June 26: Volume 32, Issue 1
By Ken Ryan
Ceramic tile remains a heavily imported flooring product, with imports making up 68.6% of U.S. tile consumption (in terms of square feet) in 2016, down a tick from 68.7% in 2015, according to the Tile Council of North America (TCNA). A decade earlier in 2006, however, imports represented 80% of U.S. consumption.
Industry observers say the trend toward lowering imports as a percentage of consumption as more product is made domestically is likely to continue as both U.S.-based and foreign countries begin manufacturing operations in the states. Advances in digital printing technology and increased investments in American manufacturing capabilities have helped elevate the cache of tile products made in the U.S.
The biggest splash was made by market leader Dal-Tile, which began producing tile out of its $180 million, 1.8-million-square-foot facility in Dickson, Tenn. The Dickson plant will employ the latest advanced decoration technology, including the company’s Reveal Imaging capability, to produce ceramic tile. The plant will also have the flexibility to produce larger format and plank format tiles marketed through its five leading brands in North America: Daltile, American Olean, Marazzi, Ragno and Mohawk. The Dickson plant will feature glazed porcelain capabilities as well as technology to meet the need of the commercial market through technical color body products, plus in-line rectification and polishing to meet market requirements.
Foreign investment is also occurring in the U.S. The Wonderful Group, a tile and ceramics manufacturer based in China, is investing $150 million in a 500,000-square-foot manufacturing facility in Tennessee.
Likewise, Landmark Ceramics, part of family-owned Gruppo Concorde of Italy, christened its North American headquarters in Mt. Pleasant, Tenn., in 2016, with a goal of producing high-quality porcelain tile 24 hours a day. The plant’s initial production run commenced June 30, 2016. Landmark Ceramics employs 130, including administration and sales staff, and will add around 40 more with the third shift that is coming online in 2017.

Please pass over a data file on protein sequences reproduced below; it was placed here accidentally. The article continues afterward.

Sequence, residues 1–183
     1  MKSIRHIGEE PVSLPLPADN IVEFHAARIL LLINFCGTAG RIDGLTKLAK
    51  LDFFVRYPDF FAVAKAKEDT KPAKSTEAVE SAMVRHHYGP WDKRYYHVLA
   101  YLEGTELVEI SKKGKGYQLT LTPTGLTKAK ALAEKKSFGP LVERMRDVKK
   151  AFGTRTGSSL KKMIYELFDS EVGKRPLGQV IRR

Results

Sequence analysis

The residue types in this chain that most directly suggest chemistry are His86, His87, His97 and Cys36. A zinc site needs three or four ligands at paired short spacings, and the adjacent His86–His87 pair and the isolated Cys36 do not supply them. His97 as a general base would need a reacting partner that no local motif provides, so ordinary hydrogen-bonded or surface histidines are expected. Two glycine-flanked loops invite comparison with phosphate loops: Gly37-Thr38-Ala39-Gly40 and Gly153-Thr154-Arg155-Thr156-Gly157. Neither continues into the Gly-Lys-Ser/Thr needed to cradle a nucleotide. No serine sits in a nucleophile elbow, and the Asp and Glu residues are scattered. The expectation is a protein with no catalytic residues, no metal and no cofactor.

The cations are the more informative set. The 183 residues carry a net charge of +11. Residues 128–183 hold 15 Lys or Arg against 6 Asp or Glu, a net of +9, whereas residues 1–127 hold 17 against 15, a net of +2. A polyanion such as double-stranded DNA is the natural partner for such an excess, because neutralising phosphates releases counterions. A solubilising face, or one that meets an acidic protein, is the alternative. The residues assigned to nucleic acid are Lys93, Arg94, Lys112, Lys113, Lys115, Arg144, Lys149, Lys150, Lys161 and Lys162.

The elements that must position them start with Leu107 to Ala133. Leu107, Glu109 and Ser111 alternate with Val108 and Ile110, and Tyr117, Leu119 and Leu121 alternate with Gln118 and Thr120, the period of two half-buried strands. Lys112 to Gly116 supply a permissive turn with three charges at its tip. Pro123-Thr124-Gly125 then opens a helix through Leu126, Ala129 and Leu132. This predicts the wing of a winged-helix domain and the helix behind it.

“To invest in the U.S. market is always a good investment,” said Federico Curioni, Landmark Ceramics president. “We are able to reach the largest and biggest supplier when you make the product here. There’s only so much you can do from Italy. The United States is just such a vast market.”
Add Florim USA, part of the Florim Group of Italy, and Florida Tile to the list of ceramic tile companies that invested in new production equipment at existing U.S. facilities.
Industry observers say among the benefits to selling domestically are quality control and quick supply. They note that domestic producers are less exposed to risks they cannot control such as exchange rate fluctuations and ocean freight price increases due to capacity shortages. In addition, domestic facilities offer manufacturers an ideal location from which it can ship to a majority of the U.S. population quickly and efficiently.
Florida Tile, which touts its Made in USA story, manufactures the bulk of its products from its headquarters in Lawrenceburg, Ky., which it said is within 500 miles of 80% of the U.S. population.